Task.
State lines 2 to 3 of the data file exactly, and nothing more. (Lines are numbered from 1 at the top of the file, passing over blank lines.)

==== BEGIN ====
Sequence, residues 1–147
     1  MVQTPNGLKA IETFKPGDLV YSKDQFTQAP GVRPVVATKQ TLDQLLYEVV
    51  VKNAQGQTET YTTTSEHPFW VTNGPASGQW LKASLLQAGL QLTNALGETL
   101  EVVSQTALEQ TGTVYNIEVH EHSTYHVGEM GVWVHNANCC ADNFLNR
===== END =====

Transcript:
     1  MVQTPNGLKA IETFKPGDLV YSKDQFTQAP GVRPVVATKQ TLDQLLYEVV
    51  VKNAQGQTET YTTTSEHPFW VTNGPASGQW LKASLLQAGL QLTNALGETL